Support areas: Professor of Palliative Care and Child Health - My areas of expertise lie in the secondary data analyses of routinely collected health and administrative datasets especially, but not exclusively, in areas of child health research.

Sabine Landau and Ulrike Schmidt

Email: and 

Support areas: Sabine Landau is Professor of Biostatistics at the Institute of Psychiatry, Psychology and Neuroscience, King’s College London and leads a research programme on causal modelling and evaluation. Ulrike Schmidt is a Consultant Psychiatrist, Professor of Eating Disorders and NIHR Senior Investigator. We have collaborated on numerous trial evaluations of interventions to improve outcomes for patients with eating disorders, providing a unique UK data resource that can be explored to gain insights beyond treatment effectiveness (including data from the NIHR ARIADNE, TRIANGLE and DAISIES trials).

We offer a methodology training programme in causal modelling and efficacy and mechanisms evaluation. The fellow will be formally trained as a statistician/data scientist in applied health research by attending the MSc in Applied Statistical Modelling and Health Informatics. In addition, by working on a project as part of our collaborative team of clinicians, eating disorders researchers and statisticians, the fellow will have the opportunity to gain practical experience.

The research team already knows that the treatments for Anorexia Nervosa and other Eating Disorders are effective but now wish to investigate the underlying mechanisms to understand for whom and how treatments work. Such knowledge can help clinicians target the right patients and further develop complex interventions for greater benefit. For example the project will address research questions such as “What aspects of the therapy experience bring about improvements in eating disorder symptoms?” and “Which psychological variables should be targeted to restore well-being and healthy weight?”. The COVID pandemic has led to dramatic increases in new eating disorders presenting, as such the questions addressed in this project are more pertinent now than ever.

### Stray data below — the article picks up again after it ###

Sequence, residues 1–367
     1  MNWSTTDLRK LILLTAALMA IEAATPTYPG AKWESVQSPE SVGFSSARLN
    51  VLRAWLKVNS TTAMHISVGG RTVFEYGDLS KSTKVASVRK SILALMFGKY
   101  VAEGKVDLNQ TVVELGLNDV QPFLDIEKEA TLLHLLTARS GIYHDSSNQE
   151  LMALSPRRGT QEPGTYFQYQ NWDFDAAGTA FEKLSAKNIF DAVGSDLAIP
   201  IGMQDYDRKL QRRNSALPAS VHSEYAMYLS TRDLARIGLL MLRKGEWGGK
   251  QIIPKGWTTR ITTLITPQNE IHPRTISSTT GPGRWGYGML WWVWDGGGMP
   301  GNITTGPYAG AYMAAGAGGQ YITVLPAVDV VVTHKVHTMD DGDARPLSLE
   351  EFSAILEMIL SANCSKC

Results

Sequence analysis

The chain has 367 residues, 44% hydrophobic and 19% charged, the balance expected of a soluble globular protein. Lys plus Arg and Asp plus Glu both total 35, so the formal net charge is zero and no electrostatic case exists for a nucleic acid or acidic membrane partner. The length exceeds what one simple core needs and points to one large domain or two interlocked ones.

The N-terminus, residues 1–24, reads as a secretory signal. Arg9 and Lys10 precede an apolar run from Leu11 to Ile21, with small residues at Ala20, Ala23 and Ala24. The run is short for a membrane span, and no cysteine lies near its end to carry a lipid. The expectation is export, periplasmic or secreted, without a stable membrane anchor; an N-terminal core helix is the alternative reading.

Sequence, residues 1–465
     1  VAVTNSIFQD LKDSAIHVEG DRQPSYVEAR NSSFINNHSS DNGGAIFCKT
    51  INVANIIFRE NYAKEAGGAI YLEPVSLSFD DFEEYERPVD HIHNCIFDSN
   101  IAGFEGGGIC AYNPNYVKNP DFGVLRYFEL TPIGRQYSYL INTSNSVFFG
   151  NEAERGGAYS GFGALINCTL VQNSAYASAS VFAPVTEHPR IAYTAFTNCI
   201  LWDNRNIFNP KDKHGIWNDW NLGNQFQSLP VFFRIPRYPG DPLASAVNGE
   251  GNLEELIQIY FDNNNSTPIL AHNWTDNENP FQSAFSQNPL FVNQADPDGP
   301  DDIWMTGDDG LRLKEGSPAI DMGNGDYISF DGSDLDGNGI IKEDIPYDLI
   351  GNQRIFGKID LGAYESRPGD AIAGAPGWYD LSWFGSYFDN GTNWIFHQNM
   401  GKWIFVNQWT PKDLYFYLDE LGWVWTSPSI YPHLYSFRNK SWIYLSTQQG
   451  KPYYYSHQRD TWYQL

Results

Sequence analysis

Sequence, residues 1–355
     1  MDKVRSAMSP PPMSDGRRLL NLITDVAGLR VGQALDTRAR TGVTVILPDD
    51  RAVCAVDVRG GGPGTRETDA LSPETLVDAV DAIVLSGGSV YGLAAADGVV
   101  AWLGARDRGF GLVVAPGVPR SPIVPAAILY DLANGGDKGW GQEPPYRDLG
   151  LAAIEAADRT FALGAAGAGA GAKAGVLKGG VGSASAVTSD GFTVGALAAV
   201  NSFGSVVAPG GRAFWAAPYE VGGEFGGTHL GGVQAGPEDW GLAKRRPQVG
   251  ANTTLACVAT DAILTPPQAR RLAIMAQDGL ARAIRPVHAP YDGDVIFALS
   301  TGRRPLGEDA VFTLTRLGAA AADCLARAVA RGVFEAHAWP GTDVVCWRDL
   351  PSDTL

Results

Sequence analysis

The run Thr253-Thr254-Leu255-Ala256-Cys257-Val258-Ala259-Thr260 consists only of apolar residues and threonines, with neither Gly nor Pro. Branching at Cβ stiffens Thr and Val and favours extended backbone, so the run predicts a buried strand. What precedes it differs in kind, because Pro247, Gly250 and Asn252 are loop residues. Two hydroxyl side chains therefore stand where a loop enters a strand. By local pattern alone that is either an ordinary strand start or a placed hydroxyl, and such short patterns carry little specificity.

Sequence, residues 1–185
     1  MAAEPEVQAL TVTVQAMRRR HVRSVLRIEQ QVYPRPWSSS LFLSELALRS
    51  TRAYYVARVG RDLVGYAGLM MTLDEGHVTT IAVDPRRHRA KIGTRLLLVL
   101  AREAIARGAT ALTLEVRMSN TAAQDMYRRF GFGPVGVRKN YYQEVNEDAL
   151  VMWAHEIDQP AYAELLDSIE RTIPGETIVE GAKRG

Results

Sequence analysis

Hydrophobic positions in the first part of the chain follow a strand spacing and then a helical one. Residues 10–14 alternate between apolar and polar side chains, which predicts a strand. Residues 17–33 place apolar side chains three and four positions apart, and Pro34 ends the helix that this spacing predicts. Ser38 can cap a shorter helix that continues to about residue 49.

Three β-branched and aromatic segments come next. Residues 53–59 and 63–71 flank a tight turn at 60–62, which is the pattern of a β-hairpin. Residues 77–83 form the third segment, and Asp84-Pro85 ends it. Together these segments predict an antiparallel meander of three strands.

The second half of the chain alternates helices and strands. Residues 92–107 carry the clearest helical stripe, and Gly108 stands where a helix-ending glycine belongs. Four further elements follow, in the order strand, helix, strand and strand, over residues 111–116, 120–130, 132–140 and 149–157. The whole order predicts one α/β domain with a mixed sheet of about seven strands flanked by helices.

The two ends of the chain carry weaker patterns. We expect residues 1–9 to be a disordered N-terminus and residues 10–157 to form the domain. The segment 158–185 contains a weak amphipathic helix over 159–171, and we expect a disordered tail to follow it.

Professor Daniel Stahl, Dr Ewan Carr and Professor Paolo Fusar-Poli


Support areas: Daniel Stahl (previous and ongoing supervision: 8 PhD, 7 DClinc Psych, 3 NIHR Pre-doctoral Fellows) is Professor in Medical Statistics and Statistical Learning and is the lead of the "Precision medicine and Statistical learning" research group. He is lead of the “Prediction Modelling group” in the NIHR Maudsley British Research Council (BRC). Ewan Carr is Senior Research Fellow at the Department of Biostatistics and Health Informatics, King’s College London. He contributes to several BRC themes including Prediction Modelling and Topological Data Analysis. Prof Paolo Fusar Poli is a Professor of Preventive Psychiatry at the Department of Psychosis, King’s College London, where he heads the Early Psychosis: Intervention and Clinical-detection Laboratory (EPIC Lab). His research focuses early detection of people at risk of psychoses and personalised psychiatry